State forecasters added nearly $400 million to estimated tax revenues over the next year and a half — but warned that dangers like the “fiscal cliff” could still damage a fragile economic recovery powering the gains, reports Brandon Larrabee of the News Service of Florida.
Overall, the money added to the forecasts Friday does not substantially change the picture Gov. Rick Scott faces as he sits down to craft a budget for the coming fiscal year, which begins July 1. Of the $391.7 million that forecasters added, $236 million comes in the current spending year. Forecasters added $155.7 million to 2013-14.
Those numbers are a relatively small share of the nearly $28.3 billion in general revenue that Scott will have at his disposal. More than $2.5 billion of that is one-time money, including the $236 million in the current budget year, which will roll forward.
Still, the numbers bring the state’s projected budget surplus to almost $829 million. Lawmakers have been cautious about the surplus estimate, in part because of a mix of federal budget cuts and tax increases set to kick in Jan. 1 if President Barack Obama and Congress can’t strike an agreement to avoid going over the so-called fiscal cliff.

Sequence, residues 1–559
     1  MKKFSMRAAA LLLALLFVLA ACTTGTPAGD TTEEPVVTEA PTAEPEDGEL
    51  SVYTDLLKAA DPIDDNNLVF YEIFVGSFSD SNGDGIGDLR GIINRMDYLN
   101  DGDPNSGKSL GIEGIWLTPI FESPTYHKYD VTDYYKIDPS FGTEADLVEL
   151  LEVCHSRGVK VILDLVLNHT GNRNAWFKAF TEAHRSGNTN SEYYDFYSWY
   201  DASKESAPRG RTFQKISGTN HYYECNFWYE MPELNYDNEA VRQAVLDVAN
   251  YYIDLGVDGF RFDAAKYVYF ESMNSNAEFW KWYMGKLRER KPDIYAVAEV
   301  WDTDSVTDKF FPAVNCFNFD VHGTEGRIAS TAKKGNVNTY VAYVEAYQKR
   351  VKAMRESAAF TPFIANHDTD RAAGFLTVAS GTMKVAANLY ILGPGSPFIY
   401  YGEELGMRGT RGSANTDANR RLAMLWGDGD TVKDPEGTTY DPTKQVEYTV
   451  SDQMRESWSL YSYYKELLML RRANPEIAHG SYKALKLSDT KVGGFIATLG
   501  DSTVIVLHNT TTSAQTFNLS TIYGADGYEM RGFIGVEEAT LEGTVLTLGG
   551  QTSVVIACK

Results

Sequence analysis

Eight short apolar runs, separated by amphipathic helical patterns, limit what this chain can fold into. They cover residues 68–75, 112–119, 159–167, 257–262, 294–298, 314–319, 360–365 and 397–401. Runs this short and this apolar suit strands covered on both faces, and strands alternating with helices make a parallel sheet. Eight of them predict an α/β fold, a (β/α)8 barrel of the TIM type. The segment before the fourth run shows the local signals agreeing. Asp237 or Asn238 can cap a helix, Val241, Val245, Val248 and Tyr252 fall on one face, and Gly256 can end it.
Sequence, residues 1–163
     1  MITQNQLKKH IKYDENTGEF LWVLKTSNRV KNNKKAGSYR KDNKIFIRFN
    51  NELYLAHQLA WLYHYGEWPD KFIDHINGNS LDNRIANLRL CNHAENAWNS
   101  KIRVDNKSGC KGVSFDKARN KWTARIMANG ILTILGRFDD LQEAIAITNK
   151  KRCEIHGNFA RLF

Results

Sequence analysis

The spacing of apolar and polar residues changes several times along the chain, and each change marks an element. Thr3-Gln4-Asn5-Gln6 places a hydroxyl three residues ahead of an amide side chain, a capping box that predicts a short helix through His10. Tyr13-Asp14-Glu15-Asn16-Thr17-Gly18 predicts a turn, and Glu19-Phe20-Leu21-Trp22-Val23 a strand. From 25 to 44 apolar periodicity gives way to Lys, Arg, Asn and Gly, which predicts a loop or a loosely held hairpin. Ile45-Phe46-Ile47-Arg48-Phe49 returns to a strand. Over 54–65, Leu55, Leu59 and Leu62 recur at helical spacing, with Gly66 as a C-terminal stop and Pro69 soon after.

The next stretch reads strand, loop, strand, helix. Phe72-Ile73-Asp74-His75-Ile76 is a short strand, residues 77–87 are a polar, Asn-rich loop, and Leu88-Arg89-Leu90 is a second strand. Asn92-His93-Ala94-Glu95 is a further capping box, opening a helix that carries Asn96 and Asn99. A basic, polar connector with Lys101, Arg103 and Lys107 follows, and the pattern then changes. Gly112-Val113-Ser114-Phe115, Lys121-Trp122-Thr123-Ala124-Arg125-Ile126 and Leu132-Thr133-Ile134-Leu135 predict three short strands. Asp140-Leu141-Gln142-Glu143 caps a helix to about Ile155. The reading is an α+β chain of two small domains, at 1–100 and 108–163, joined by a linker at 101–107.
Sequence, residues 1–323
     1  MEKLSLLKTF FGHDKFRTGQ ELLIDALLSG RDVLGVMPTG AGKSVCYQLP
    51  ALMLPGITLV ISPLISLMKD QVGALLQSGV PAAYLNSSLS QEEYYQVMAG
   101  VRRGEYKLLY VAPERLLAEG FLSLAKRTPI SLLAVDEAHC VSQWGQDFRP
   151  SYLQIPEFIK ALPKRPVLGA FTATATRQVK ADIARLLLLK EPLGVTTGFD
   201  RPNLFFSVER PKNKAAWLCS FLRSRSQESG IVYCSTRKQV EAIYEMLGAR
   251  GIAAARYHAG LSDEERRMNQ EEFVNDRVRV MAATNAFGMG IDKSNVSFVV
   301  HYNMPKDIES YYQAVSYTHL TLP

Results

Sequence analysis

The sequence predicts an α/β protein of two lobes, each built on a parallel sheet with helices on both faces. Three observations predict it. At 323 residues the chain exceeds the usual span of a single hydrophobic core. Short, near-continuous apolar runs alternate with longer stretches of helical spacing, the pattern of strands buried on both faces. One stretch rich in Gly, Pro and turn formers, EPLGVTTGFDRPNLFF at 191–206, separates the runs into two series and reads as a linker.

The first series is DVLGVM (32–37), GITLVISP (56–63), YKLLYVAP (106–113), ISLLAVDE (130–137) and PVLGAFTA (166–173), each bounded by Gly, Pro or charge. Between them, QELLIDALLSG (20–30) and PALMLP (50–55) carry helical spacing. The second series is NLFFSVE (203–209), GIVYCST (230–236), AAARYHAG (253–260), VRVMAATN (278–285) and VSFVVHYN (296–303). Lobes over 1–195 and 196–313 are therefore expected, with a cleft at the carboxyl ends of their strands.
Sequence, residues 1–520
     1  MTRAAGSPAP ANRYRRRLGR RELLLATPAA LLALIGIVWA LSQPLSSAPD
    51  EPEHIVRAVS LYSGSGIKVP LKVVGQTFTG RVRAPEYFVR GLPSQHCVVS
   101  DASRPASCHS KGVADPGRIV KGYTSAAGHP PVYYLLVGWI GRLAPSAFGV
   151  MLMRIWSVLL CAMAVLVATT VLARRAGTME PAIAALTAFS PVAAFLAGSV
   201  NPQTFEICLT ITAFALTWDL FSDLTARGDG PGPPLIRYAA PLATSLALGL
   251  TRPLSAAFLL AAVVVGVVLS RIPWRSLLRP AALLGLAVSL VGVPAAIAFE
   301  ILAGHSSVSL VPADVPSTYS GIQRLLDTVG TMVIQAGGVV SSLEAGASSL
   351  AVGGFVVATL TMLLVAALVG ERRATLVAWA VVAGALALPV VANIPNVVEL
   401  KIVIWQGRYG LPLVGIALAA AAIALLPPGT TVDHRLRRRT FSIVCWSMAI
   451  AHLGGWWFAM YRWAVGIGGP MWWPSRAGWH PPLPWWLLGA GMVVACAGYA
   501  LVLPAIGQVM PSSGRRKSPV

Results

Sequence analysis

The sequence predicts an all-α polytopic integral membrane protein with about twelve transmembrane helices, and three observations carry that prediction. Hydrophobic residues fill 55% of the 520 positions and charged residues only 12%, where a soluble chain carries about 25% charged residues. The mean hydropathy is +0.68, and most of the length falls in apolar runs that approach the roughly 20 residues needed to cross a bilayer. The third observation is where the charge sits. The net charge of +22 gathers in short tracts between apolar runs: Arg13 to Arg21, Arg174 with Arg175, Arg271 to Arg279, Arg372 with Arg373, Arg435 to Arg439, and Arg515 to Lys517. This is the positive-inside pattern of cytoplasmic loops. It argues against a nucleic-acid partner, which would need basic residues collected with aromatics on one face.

Forecasters made it clear that the fiscal cliff still posed a risk to the state that was largely unacknowledged in the new estimate. Amy Baker, the state’s chief economist, said consumer confidence numbers that help drive spending were already weakening.
“Really, I think what the fiscal cliff did to our estimate today is keep us from adding more money,” Baker said.
Given the uncertainty surrounding the negotiations between Obama and Congress, forecasters struggled to decide how much to factor in from the cliff and the potential drop in consumer demand. Baker said it was vaguely similar to the dive the confidence measure took during the height of the debt-ceiling standoff in August 2011, though she said the effect was smaller so far.
“I think it’s not theoretical,” she said. “I think it is starting to creep into our data.”
But Don Langston, an economist with the House, said a drop in consumer confidence doesn’t necessarily mean a noticeable drop in sales — and the tax revenues they generate — is coming.
“I’m not saying it’s irrelevant,” he said. “I’m just saying don’t overreact to it.”
Other risks also remain, including those from slow recoveries or recessions in many European countries, which could spill over into the U.S. economy. And lawmakers are still watching the Florida Supreme Court, which is expected to soon issue a ruling on a 2011 law overhauling the pension plan for state employees. If the state were to lose that case, it could wreak havoc on the budget.